Lukewarm

Francis Chan on “lukewarm people.”

LUKEWARM PEOPLE attend church fairly regularly. It is what is expected of them, what they believe “good Christians” do, so they go. (See Isaiah 29:13)

LUKEWARM PEOPLE give money to charity and to the church … as long as it doesn’t impinge on their standard of living. If they have a little extra and it is easy and safe to give, they do so. After all, God loves a cheerful giver, right? (See 1 Chronicles 21:24)

LUKEWARM PEOPLE are moved by stories about people who do radical things for Christ, yet they do not act. They assume such action is for “extreme” Christians, not average ones. Lukewarm people call “radical” what Jesus expected of all His followers. (See James 1:22 & 4:17) 

LUKEWARM PEOPLE rarely share their faith with their neighbors, coworkers, or friends. They do not want to be rejected, nor do they want to make people uncomfortable by talking about private issues like religion. (See Matthew 10:32-33)

LUKEWARM PEOPLE gauge their morality or “goodness” by comparing themselves to the secular world. They feel satisfied that while they aren’t as hard-core for Jesus as so-and-so, they are nowhere as horrible as the guy down the street. (See Luke 18:11-12)

LUKEWARM PEOPLE say they love Jesus, and He is, indeed, a part of their lives. But only a part. They give Him a section of their time, their money, and their thoughts, but He isn’t allowed to control their lives. (See Luke 9:57-62)

LUKEWARM PEOPLE love God, but they do not love Him with all their heart, soul, and strength. They would be quick to assure you that they try to love God that much, but that sort of total devotion isn’t really possible for the average person; it’s only for pastors and missionaries and radicals. (See Matthew 22:37-38)

LUKEWARM PEOPLE love others but do not seek to love others as much as they love themselves. Their love of others is typically focused on those who love them in return, like family, friends, and other people they know and connect with. There is little love left over for those who cannot love them back, much less for those who intentionally slight them, whose kids are better athletes than theirs, or with whom conversations are awkward or uncomfortable. Their love is highly conditional and very selective, and generally comes with strings attached. (See Matthew 5:43-47)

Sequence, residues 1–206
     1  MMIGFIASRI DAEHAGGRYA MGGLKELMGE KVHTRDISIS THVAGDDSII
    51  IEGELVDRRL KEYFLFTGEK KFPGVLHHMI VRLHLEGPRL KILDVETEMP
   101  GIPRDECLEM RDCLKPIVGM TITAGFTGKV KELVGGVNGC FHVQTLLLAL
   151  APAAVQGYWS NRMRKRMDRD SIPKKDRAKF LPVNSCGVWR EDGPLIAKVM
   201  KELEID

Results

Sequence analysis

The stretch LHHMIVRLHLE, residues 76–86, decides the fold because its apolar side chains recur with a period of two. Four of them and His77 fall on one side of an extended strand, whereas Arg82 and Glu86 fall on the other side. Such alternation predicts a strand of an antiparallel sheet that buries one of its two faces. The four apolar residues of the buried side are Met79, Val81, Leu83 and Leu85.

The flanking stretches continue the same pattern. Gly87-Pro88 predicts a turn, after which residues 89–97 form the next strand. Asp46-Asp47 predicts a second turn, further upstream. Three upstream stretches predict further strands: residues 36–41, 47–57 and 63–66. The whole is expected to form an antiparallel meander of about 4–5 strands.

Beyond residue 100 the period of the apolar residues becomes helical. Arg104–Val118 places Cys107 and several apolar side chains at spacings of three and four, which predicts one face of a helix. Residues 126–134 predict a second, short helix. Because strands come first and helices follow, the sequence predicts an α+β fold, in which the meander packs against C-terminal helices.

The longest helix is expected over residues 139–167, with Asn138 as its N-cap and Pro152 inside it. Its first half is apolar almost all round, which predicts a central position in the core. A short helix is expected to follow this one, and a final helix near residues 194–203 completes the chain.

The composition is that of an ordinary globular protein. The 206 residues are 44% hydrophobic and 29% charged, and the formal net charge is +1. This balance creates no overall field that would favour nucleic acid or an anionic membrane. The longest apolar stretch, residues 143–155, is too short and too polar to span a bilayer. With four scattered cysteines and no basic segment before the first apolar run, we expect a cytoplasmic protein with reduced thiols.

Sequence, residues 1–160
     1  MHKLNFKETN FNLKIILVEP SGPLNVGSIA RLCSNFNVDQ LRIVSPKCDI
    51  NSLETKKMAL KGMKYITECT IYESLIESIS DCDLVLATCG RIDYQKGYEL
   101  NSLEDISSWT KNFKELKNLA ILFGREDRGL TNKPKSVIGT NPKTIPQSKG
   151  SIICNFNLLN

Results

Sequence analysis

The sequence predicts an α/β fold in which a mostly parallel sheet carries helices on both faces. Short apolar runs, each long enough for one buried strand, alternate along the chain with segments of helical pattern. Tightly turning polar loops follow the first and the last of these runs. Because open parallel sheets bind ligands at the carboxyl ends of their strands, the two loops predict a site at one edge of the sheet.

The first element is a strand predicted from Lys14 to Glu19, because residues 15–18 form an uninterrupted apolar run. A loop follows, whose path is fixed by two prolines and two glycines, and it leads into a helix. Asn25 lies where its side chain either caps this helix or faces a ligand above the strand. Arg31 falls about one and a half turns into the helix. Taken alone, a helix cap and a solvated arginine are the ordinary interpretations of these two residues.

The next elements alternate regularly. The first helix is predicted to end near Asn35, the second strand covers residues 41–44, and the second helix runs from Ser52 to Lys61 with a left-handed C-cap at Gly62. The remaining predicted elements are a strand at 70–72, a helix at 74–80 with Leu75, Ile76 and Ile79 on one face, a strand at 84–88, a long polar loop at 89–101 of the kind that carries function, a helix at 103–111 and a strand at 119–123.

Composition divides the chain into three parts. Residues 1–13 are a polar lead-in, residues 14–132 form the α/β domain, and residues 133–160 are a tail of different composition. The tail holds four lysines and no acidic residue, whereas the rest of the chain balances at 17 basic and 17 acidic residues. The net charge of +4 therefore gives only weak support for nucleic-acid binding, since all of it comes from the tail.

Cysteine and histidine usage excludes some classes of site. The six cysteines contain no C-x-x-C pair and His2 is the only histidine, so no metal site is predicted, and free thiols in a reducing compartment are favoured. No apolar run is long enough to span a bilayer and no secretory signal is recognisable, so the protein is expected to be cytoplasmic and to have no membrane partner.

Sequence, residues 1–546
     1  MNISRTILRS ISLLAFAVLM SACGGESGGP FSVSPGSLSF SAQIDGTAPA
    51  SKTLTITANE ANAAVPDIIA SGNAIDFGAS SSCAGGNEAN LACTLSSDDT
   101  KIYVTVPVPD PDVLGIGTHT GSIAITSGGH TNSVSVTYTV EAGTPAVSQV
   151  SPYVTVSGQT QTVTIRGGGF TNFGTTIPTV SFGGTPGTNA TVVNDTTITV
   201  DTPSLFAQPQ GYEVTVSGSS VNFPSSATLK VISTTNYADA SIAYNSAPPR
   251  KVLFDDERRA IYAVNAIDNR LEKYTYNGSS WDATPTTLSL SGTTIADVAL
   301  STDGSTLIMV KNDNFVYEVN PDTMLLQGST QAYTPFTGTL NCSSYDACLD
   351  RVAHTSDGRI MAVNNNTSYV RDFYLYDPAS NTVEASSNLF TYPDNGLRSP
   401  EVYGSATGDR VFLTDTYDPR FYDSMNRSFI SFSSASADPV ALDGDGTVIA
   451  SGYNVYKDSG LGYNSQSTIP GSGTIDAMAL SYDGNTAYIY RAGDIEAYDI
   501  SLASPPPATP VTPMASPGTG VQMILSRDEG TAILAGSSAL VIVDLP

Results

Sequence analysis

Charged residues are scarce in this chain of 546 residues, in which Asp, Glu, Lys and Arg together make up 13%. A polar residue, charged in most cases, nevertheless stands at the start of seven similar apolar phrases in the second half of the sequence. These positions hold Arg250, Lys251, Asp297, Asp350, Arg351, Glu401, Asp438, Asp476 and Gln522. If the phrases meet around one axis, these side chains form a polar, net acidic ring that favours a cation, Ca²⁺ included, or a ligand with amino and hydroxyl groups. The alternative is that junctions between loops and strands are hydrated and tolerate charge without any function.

LUKEWARM PEOPLE will serve God and others, but there are limits to how far they will go or how much time, money, and energy they are willing to give. (See Luke 18:21-25)

LUKEWARM PEOPLE are thankful for their luxuries and comforts, and rarely consider trying to give as much as possible to the poor. They are quick to point out, “Jesus never said money is the root of all evil, only that the love of money is.” Untold numbers of lukewarm people feel “called” to minister to the rich; very few feel “called” to minister to the poor. (See Matthew 25:34,40)

LUKEWARM PEOPLEdo whatever is necessary to keep themselves from feeling too guilty. They want to do the bare minimum, to be “good enough” without requiring too much of them. They ask, “How far I can go before it’s considered a sin?” (See 1 Chronicles 29:14)

LUKEWARM PEOPLE are continually concerned with playing it safe; they are slaves to the god of control. This focus on safe living keeps them from sacrificing and risking for God. (See 1 Timothy 6:17-18)

LUKEWARM PEOPLE feel secure because they attend church, made a profession of faith at age twelve, were baptized, come from a Christian family, vote Republican, or live in America. Just as the prophets in the Old Testament warned Israel that they were not safe just because they lived in the land of Israel, so we are not safe just because we wear the label Christians or because some people persist in calling us a “Christian nation.” (See Matthew 7:21)

LUKEWARM PEOPLE do not live by faith; their lives are structured so they don’t have to. They don’t’ have to trust God if something unexpected happens – they have their savings account. They don’t need God to help them—they have their retirement plan in place. They don’t genuinely seek out what life God would have them live—they have life figured out and mapped out. They don’t depend on God on a daily basis – their refrigerators are full and, for the most part, they are in good health. The truth is, their lives wouldn’t look much different if they suddenly stopped believing in God.

Ouch.

Love Wins

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